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From "Carsten Ziegeler" <cziege...@s-und-n.de>
Subject RE: [RT] Alternatives to Poolable
Date Tue, 10 Feb 2004 10:38:24 GMT
I think there were a lot of discussions over the last years in the
Avalon list about a similar topic: making all components thread safe
and use a factory approach for poolable components. But unfortunately
all these discussions got very confusing for me and I couldn't follow
them :) So perhaps this is a topic for Avalon?

Carsten 

> -----Original Message-----
> From: Sylvain Wallez [mailto:sylvain@apache.org] 
> Sent: Tuesday, February 10, 2004 11:31 AM
> To: dev@cocoon.apache.org
> Subject: [RT] Alternatives to Poolable
> 
> Found a very interesting read at
> http://www-106.ibm.com/developerworks/library/j-jtp01274.html?
> ca=drs-j0504
> 
> This articles explains the memory allocation and collection 
> strategies of modern JVM and show that object recycling and 
> pooling can cause more harm than good.
> 
> I've always been worried by the fact that most of our 
> stateful components are Poolable (stateless ones are 
> ThreadSafe) and not simply SingleThreaded.
> 
> We make them Poolable because their creation cost is high. 
> But why so? 
> Because the Avalon framework brings a lot of overhead to 
> object creation by going through the various lifecycle 
> interface, and because each of the created instances has to 
> perform repetitive actions that could be shared between the 
> various instances. The main cost in this area is parsing the 
> configuration, which is the same for all instances of a given 
> component.
> 
> This leads to identifying something I would call "component fields" 
> which are between static fields (system-wide values for a 
> class - identical for the various component declarations 
> using a class) and instance fields (specific to a given instance).
> 
> How can we solve this? I see two solutions:
> - define a new lifestyle that would ask the container to hold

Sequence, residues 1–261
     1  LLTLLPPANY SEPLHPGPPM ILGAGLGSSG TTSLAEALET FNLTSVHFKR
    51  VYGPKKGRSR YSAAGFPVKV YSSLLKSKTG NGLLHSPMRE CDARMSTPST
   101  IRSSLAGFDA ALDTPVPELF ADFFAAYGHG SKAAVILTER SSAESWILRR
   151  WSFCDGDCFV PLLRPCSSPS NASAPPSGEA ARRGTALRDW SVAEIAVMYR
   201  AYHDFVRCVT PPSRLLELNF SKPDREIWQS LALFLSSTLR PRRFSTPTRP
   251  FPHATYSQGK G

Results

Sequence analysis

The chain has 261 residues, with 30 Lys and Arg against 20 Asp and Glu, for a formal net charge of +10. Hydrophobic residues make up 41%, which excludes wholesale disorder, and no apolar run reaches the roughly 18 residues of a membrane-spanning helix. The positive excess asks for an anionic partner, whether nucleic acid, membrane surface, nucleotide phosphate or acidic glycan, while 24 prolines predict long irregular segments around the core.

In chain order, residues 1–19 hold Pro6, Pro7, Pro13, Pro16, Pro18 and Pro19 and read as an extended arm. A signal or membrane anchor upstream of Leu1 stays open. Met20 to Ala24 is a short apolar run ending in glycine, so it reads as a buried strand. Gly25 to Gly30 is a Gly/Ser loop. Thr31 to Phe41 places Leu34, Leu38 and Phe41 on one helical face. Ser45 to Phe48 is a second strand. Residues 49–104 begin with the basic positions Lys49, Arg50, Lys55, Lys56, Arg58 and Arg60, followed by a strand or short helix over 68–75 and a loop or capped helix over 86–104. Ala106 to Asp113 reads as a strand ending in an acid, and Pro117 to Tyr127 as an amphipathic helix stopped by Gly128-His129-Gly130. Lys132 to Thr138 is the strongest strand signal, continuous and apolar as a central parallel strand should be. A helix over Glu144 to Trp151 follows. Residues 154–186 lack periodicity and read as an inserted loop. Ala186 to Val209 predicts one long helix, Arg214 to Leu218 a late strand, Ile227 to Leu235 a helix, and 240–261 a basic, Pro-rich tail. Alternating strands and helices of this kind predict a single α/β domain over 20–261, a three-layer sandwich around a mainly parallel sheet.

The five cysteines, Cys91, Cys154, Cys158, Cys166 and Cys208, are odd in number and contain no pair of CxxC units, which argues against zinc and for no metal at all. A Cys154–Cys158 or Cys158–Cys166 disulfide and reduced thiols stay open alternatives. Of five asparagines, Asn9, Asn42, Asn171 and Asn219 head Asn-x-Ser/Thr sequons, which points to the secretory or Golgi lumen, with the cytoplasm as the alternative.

> those "component fields", and have them computed once at 
> startup by one instance of the component class. This strategy 
> is similar to PreparedMatcher.
> - avoid stateful component definitions everywhere it is 
> possible. For example (I already talked about this), the 
> Transformer interface, instead of being an XMLPipe (and thus 
> a ContentHandler), could be a factory with a single method 
> "getContentHandler" method.
> 
> These approaches can allow to remove most of the object pools 
> that are the most difficult point in tuning Cocoon for performance.
> 
> The first idea complexifies the contract between components 
> and the framework, which may not be a good idea (see [1] and 
> [2] for very interesting reads on this subject) whereas the 
> second approach requires some deep changes to what we have today.
> 
> These are random thoughts, but WDYT?
> 
> Sylvain
> 
> [1] http://lsd.student.utwente.nl/jicarilla/TooMuchMagic
> [2] 
> http://lsd.student.utwente.nl/jicarilla/StoryOfThe6LifecycleMethods
> 
> -- 
> Sylvain Wallez                                  Anyware Technologies
> http://www.apache.org/~sylvain           http://www.anyware-tech.com
> { XML, Java, Cocoon, OpenSource }*{ Training, Consulting, 
> Projects } Orixo, the opensource XML business alliance  -  
> http://www.orixo.com
> 
> 
> 


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